Nit has worked in the hospital canteen for 34 years. She’s only months away from retirement and she’s already purchased a piece of land back in Korat, paid for with American dollars. She owns the legal title on the land and there are no liens against it. There are fruit trees on the land, as well as fresh water close to the surface and even a small stand of forest: a miracle. There’s a big level spot that would be perfect for a kitchen garden. There’s room for a chicken coop and a cattle pen and a corner downwind from the house where a pig sty could be placed. There are pallets of wood and cement and brick already paid for and placed conveniently close to the building site for the house she and her late husband always dreamed of; her youngest brother has recruited a crew and they’re just waiting for Nit’s go-ahead to begin construction. A young nephew has been camped out on the site for weeks guarding the supplies with an old breech-loading shotgun. Nit has no idea why she hasn’t made the call to tell them to start.
To the doctors and nurses she’s the pleasant, always smiling, dark-skinned, flat-nosed, wide-hipped elderly woman behind the glass who serves biscuits and gravy for breakfast, chicken ala King for lunch, and sweet corn in season. She hardly ever speaks, but when she does it is without an identifiable accent. Many people assume she’s Hispanic, or maybe Filipina. To her coworkers she’s the dependable one, the one who knows everything about the operation, the one who still lifts heavy stacks of china plates by herself, the one who works all the holidays.
To Nit the work in the cafeteria has always been ridiculously easy. Pushing a cart full of clean dishes across a linoleum floor in a dining room is far easier than driving a water buffalo through knee-deep mud in a paddie, and even before civil service benefits it pays a hundred times as much. When she first came to the hospital as a young woman, even after she had figured out that you’re supposed to sit down on the enormous toilets, she assumed the bathrooms were for senior staff and she went all day without relieving herself. She couldn’t believe that doctors would willingly share a toilet seat with a peasant. Now she uses the bathrooms without timidity and it seems normal to sit down.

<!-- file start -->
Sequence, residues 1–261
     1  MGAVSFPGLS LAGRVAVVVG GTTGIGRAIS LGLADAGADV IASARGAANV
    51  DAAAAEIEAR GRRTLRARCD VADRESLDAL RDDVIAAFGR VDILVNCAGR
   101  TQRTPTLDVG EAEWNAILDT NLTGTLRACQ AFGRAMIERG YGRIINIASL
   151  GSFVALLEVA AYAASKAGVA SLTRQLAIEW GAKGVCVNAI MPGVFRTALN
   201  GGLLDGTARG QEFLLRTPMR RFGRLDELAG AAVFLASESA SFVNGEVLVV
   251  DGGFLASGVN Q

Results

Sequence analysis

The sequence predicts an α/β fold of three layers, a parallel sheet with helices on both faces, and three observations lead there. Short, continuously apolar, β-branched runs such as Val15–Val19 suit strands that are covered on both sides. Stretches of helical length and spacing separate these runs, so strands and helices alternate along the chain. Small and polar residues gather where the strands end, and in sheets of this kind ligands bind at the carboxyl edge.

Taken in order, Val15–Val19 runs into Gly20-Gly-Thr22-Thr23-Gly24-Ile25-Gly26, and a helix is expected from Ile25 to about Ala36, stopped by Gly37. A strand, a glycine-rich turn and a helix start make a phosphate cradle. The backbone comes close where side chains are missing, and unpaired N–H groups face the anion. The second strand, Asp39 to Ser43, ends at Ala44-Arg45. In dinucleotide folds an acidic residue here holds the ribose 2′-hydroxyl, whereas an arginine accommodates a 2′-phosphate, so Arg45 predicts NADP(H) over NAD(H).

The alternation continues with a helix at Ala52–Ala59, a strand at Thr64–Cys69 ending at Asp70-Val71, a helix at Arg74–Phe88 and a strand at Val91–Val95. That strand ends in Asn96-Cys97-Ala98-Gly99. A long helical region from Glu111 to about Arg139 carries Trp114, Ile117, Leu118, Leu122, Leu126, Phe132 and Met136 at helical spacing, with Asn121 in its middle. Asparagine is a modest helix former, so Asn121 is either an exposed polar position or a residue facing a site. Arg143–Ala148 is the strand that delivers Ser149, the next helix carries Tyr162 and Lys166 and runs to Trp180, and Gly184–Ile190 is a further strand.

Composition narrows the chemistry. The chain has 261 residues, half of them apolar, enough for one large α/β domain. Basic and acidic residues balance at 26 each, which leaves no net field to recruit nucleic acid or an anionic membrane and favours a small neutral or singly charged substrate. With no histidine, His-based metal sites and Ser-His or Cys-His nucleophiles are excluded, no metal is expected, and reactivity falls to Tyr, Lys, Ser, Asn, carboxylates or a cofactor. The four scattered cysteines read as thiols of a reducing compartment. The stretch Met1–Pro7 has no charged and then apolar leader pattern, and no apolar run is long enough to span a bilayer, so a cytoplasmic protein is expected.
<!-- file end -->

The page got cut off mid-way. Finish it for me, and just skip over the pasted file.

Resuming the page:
Sometimes Thai students from the university will be assigned work-study jobs in the cafeteria. They are always from wealthy Bangkok families, always angry at being forced to do servant’s work. They are inevitably late to work, slow to learn, quick to disappear for cigarette breaks on the loading dock. Often they steal food. Nid’s Thai is rusty; when she does speak in Thai it is of course with a Northeastern accent. Once they hear her speak some of the students actually try to give her orders. If they cross that line Nit tells the union shop steward about their thefts and poof! Like magic they are gone forever.
She has a lot of time to think about things, standing behind the steam table, ladle in hand, hairnet carefully arranged over her still glossy black hair. As she nears the civil service mandatory retirement age she tends to spend more time remembering her impressions of the United States when she first arrived. She should be spending that time planning her departure, the sale of her house, the long-term disposition of her investments in America. She is an American citizen and she’ll need to apply for a residency visa when she goes “home;” she has not even begun the process. She needs to start learning the names of all her nieces and nephews, going through the photo albums she’s obsessively maintained for decades, matching faces to names. When she goes home she’ll be expected to provide birthday gifts for all of them every year. As the wealthiest person in her family, probably the wealthiest person within fifty miles of her new house, she’ll be expected to be interested in, and generous to, all of her relatives.
And they will be expected to listen to what she says, to pay attention to her needs, to serve her first at meals and rub her legs when her peripheral neuropathy flares up. They will invite her to every party, ask her to suggest names for new babies, consult her on every decision major or minor. They will respect her and depend on her and show their gratitude in a thousand ways. For decades she’s been looking forward to that arrangement, she’s been working every day toward the realization of that goal. But now that she’s standing at the finish line she’s not sure why she ever ran the race.
She has a catalogue for air conditioners that her youngest brother mailed to her from Thailand. She hasn’t been able to bring herself to look at it yet. She has no interest in air conditioners. In the winter she sleeps under two quilts, in flannel pajamas and a knit cap, with wool stockings pulled over her feet and her hands. When it gets hot, and it gets very hot in Iowa in August, she opens the windows and sits on her porch in front of a fan and she feels just fine. At bed time she takes a cold shower, dusts herself with baby powder, moves the fan to the bedroom and sleeps comfortably. She has only slept in air conditioning a handful of nights in her whole life.
Behind the steam table she thinks about everything except the move back to Thailand. She thinks about her garden. She’s spent countless happy hours there, weeding, hoeing, planting, harvesting. All the things that were chores when she was a child are now her most enjoyable leisure activities. She knows every family on the block, has seen them move in as young couples, watched them generate and raise children, in some cases seen those children bring home children of their own. In the cool months of the autumn she makes enormous meals from the produce of her garden, invites all the neighbors to dinner parties in the back yard, in the pumpkin-colored light under the enormous oak trees she planted as saplings when they bought the house, at the picnic table her husband built their first summer in the house. He was good with his hands. He made the table well, stained and varnished it to protect it from rot and insects, moved it into the garage in the winter time. The table has survived him by ten years. She stands in her Supp-Hose at the steam table, spoons up six-ounce portions of Brussels sprouts and wonders what will happen to the picnic table when she leaves.